The Highlight area is directly below the brow, and a light or bright shade like white, beige, silver, is placed here to make it stand out when light hits the face.

This area can be larger or smaller than the area I circled on my eye. My favoriteHighlight colors are Shroom from MAC and Tequila from Kat Von D Beethoven Palette.

Oh, one little difference I need to mention between Asian and Caucasian eyes is that the brow bone highlight will look more noticeable on the Caucasian eye because of a more pronounced brow ridge.

 

Upper Lash Line

The Upper Lash Line is where you apply eyeliner. This must be the most understood area of the eye. Haha!

Gel eyeliners work best on my oily eyelids because the pigmentation is great, long-lasting and does not smudge. My favorite gel liner is the Kate Gel Liner in BK-1. I like Bobbi Brown Gel Liner in Black Ink too. Also apply eyeliner as close to the Upper Lash Line as possible. Follow up with Tightlining the Waterline.

This is also where false eyelashes should be applied, as close to the Upper Lash Line as possible.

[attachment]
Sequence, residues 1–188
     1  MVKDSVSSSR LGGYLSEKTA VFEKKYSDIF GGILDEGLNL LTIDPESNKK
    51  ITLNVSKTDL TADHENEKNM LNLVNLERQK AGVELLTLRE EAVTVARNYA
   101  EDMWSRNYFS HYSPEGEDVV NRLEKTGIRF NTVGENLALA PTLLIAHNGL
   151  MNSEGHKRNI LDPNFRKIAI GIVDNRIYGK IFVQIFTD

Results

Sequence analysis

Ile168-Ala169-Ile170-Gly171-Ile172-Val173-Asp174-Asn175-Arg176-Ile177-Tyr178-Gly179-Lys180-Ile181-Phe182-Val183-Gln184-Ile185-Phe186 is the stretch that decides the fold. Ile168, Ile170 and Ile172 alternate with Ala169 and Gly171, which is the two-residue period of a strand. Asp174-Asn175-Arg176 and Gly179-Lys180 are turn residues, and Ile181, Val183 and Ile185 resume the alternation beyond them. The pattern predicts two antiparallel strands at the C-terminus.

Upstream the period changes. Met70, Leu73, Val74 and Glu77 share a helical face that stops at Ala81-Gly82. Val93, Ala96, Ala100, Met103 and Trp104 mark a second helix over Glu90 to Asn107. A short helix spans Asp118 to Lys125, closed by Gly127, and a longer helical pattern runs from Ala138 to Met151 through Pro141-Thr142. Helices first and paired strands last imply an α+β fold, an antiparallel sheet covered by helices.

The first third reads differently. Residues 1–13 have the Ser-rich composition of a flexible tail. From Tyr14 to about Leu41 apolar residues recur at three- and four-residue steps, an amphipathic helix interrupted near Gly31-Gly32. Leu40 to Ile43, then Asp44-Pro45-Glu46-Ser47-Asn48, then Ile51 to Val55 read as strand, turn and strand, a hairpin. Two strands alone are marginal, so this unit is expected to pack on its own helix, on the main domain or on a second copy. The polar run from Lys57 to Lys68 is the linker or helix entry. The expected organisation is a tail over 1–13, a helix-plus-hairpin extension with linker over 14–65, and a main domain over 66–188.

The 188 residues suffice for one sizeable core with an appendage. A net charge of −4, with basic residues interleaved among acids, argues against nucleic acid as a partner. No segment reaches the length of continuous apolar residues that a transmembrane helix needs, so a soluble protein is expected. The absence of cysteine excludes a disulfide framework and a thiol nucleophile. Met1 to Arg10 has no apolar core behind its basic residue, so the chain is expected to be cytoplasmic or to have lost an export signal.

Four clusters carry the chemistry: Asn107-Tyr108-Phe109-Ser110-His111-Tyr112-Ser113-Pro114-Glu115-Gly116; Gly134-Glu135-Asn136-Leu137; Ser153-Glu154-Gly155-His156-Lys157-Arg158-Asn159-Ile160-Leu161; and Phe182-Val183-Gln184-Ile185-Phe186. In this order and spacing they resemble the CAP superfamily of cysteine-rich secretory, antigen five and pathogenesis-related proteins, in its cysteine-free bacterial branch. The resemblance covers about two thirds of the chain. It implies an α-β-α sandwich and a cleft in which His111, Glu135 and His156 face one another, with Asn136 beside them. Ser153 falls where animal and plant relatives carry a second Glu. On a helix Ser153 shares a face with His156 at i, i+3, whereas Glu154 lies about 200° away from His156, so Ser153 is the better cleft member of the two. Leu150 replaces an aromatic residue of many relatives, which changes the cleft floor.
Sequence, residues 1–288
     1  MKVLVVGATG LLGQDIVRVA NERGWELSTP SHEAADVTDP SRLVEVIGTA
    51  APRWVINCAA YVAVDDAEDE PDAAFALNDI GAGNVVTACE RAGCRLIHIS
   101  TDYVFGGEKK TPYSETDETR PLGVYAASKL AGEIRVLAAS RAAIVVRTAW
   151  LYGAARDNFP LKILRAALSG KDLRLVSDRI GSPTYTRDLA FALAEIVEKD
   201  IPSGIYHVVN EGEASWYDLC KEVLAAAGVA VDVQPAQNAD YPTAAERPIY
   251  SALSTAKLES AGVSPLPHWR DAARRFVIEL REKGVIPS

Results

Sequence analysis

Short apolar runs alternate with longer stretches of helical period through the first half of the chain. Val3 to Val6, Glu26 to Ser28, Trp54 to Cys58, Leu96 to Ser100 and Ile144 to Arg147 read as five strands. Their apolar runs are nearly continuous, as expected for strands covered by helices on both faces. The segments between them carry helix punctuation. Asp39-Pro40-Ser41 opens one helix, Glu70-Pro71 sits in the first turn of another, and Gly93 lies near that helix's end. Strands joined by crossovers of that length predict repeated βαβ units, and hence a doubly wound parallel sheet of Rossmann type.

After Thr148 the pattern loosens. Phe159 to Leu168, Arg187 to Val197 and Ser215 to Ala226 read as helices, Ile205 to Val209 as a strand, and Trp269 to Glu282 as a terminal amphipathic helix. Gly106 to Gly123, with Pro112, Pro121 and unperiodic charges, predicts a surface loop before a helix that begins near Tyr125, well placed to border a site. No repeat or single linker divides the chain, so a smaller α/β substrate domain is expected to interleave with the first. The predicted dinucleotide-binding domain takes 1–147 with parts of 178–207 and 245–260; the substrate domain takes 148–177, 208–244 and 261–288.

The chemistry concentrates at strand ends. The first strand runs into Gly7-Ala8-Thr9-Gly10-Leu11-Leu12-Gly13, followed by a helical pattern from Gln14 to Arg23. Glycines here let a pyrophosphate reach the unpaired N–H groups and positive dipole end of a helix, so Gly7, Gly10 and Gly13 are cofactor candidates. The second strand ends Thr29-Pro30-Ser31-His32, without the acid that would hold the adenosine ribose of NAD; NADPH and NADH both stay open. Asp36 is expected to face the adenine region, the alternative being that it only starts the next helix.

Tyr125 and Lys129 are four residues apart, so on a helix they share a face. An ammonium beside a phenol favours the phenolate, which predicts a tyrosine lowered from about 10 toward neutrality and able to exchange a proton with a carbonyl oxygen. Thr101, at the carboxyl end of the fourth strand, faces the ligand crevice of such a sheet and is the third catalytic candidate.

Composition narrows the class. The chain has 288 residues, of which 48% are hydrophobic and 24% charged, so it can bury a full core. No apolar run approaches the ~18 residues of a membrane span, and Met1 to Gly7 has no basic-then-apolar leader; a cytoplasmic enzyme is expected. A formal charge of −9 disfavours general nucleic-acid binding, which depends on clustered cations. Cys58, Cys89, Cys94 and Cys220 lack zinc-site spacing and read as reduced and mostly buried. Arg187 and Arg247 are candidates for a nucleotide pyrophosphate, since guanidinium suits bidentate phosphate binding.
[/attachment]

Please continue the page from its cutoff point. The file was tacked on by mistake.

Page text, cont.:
Done with the upper part of the eye! YAY!

 

Lower Lash Line

You can have great fun with the Lower Lash Line!

Just like the Lid and Upper Lash Line, the Lower Lash Line can be divided into inner, middle, and outer. If you divided the Lid into vertical thirds, you can follow the exact order in which the three eyeshadow colors were placed.

Alternatively, you can simply use dark eyeshadow colors to create a smokey look. Smaller eyes should avoid using black or dark brown all along the Lower Lash Line as these colors on the Lower Lash Line tend to make the eyes look smaller. A dark color can be used on the outer 1/3 of the Lower Lash Line, a mid tone on the middle, and a lighter color on the inner 1/3.

Some people use eyeliners on the Lower Lash Line, but since I am allergic to anything but eyeshadows there, I don’t use eyeliner in any form.